In the larger economy, the difficult search for a solution at Verizon mirrored the struggles of workers at many companies as traditionally unionized, well-paying jobs have disappeared.
For more on the strikers confrontation in the Philippines, watch:
Almost all of the Verizon strikers worked in the company’s traditional business, installing and servicing old-fashioned, landline telephone service as well as its newer unit called FiOS to break into the cable TV and high-speed Internet businesses using fiber-optic connections. Revenue and profits have been shrinking in the landline business for over a decade and growth has slowed in the less profitable FiOS unit. The engine of growth at Verizon has been the wireless side, where almost no workers are in a union.
In 2005, the landline side brought in $37.6 billion of revenue, 50% of the company’s total, compared to $32.3 billion, or 43% for wireless (the remainder came from much smaller information services and international units). The FiOS unit had just opened for business and the operating profit of $4.7 billion from landlines already trailed the $7.4 billion profit on the wireless side. The most recent union contracts, struck in 2003, covered 79,000 workers.
By last year, revenue for the entire landline side, which included FiOS, was virtually unchanged at $37.7 billion. But wireless revenue had almost tripled to $91.7 billion. Now the landline side represented just 29% of Verizon’s total and wireless was up to 70%. With that greater scale, wireless profits had exploded, increasing four-fold to $30 billion, while the landline side was cut in half to $2.2 billion. When the most recent union contracts expired in August 2015, fewer than 40,000 workers were covered.
The U.S. economy has tracked a similar trend on a larger scale. Highly-unionized industries like manufacturing have seen their prospects waning—only 12 million people worked in the industry in 2016, down from 14 million a decade earlier and more than 19 million in the late 1970s. Employment growth has shifted to non-union industries, like retailing, which employs 16 million people, up from 14 million a decade earlier and nine million in the late 1970s. Outsourcing has been increasing as well. Multi-national U.S. companies employed 37% of their workers overseas in 2010, up from 26% in 1982, according to a report by the Congressional Research Service. Overall, the percentage of unionized private sector workers has plummeted to less than 7% from 17% in 1983.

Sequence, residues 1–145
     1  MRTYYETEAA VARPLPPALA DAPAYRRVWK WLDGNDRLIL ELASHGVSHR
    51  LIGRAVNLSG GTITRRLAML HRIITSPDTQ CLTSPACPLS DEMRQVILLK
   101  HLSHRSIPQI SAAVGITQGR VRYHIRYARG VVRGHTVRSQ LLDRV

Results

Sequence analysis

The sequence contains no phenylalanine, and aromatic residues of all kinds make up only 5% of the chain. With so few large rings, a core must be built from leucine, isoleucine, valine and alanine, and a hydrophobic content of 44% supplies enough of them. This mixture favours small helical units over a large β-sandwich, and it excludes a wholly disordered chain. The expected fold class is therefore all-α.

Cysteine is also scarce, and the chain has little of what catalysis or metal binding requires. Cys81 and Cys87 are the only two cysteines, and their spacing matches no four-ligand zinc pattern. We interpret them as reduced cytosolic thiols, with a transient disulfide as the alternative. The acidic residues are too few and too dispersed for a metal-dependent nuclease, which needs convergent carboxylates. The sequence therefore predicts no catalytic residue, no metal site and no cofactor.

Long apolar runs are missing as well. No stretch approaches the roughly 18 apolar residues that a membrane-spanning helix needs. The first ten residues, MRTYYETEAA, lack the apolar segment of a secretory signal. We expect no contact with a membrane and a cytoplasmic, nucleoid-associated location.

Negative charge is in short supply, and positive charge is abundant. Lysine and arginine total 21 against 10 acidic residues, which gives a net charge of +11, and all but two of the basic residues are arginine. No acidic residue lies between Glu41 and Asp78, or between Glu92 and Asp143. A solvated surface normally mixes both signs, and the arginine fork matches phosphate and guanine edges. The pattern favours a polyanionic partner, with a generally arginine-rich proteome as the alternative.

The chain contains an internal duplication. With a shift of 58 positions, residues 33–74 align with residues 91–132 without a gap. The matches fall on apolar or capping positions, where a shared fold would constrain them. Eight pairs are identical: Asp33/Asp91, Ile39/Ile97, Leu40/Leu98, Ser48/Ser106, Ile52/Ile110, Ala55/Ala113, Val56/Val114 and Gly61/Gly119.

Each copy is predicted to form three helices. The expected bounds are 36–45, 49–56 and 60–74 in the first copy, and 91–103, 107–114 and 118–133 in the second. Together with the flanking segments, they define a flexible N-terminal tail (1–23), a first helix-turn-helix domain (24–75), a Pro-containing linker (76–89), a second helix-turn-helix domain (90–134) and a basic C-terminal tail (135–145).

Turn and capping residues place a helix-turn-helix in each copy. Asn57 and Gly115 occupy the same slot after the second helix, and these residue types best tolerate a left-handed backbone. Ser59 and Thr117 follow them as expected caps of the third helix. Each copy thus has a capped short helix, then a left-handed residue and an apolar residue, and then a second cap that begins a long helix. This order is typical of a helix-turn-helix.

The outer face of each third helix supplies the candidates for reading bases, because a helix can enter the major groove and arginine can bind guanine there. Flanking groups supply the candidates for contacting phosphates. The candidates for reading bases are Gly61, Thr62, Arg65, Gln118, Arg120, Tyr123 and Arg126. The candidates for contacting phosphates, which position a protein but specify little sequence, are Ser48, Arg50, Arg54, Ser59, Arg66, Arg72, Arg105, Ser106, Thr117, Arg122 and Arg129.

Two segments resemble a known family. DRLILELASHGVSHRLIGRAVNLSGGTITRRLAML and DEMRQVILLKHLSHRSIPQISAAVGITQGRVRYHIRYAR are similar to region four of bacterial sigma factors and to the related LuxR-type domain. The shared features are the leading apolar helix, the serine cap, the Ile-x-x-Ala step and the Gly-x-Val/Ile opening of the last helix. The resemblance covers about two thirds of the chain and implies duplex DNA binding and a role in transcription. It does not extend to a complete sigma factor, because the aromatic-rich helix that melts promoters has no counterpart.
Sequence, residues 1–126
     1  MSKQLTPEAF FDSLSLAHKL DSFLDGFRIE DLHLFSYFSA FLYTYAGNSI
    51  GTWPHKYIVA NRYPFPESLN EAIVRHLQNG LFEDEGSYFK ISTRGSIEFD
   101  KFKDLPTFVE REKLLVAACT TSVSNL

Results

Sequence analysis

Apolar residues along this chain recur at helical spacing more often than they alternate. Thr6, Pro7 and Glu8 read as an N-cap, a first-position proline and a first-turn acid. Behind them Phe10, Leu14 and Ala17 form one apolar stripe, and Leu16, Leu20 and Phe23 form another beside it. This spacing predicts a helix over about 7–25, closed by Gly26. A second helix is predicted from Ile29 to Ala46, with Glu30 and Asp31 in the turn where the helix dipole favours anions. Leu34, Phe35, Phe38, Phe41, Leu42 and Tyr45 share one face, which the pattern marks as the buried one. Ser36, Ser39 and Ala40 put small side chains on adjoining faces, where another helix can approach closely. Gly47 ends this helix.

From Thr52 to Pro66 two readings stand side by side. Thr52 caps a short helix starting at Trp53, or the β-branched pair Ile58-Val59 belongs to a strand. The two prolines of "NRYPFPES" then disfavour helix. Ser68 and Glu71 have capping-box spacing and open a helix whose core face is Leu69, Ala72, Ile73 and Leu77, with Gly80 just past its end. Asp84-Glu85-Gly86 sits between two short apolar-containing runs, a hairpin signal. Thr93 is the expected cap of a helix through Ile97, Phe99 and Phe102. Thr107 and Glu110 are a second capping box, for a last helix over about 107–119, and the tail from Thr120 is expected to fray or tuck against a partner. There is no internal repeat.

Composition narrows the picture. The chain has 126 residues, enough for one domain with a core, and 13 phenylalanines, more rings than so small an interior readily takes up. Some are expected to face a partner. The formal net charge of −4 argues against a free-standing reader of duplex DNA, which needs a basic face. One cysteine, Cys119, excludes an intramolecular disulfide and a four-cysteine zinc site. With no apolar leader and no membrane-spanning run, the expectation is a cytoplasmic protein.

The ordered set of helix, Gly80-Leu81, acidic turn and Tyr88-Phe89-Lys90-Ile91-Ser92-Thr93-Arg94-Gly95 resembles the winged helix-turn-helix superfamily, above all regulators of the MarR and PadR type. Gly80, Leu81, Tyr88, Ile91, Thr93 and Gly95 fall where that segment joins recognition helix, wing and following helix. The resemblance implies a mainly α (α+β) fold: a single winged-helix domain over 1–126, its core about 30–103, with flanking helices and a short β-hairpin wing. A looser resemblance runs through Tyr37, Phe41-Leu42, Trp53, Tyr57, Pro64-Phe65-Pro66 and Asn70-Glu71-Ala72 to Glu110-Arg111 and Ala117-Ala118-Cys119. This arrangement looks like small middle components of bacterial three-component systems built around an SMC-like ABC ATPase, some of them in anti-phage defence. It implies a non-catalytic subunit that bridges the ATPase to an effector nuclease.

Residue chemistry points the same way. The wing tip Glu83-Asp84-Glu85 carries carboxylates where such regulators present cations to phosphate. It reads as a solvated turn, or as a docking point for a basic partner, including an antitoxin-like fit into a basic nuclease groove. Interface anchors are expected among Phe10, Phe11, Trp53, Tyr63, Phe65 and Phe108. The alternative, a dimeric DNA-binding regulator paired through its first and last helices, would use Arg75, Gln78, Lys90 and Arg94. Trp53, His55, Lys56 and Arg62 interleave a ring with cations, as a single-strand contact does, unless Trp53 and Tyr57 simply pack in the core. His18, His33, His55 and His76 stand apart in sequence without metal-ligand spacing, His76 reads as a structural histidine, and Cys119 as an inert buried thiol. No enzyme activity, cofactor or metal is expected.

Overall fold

Verizon, and its predecessor companies including New York Telephone and Bell Atlantic, have experienced frequent labor struggles and strikes for decades, as management clashed with the unions over pay, benefits, and work rules. The contentious history weighed on the most recent talks as a dark shadow looming behind every proposal each side made.
Secretary Perez hoped to set aside the historical bickering, but during the first few days of the new talks, progress was uneven at best. Some participants said at that point they weren’t sure that any agreement could be reached. “There were better days and there were less better days,” one participant recalled.
While Perez, CEO McAdam, and the union presidents Shelton and Stephenson did not attend every day, about three dozen lawyers along with other advisers and representatives from the two sides and the Labor Department had taken over the second floor office suite for more than a week, and no one had given up yet.
Whenever the core negotiators would make progress on a particular issue, they could spin off a side group to work on the particulars. Union and Verizon lawyers used the offices of the Secretary’s top staff for the side meetings. The group could also take advantage of the expertise and experience of any of the 17,000 Labor Department employees. At one point, they consulted with a health benefits specialist. Another time, they needed an expert on rules for injured workers returning to work.
Outside, the strike dragged on. The unions were pushing cities and towns in the region extending from Massachusetts to Virginia affected by the strike to pass anti-Verizon resolutions. At least sixteen did, including Boston and Syracuse. Verizon was sending squads of lawyers to state courts seeking restraining orders to limit picketing and to keep the strikers away from replacement workers.
Inside the talks, the union side was most concerned about job security. They feared that some of Verizon’s earlier proposals were intended to outsource more call center jobs overseas and allow more non-union contractors to perform repairs and installations. Back in 2011, the unions had gone out on strike but come back to work after only two weeks without a real agreement. It took another year to make a deal, which had some positives but also allowed Verizon to cut their ranks by more than 10% over the next four years.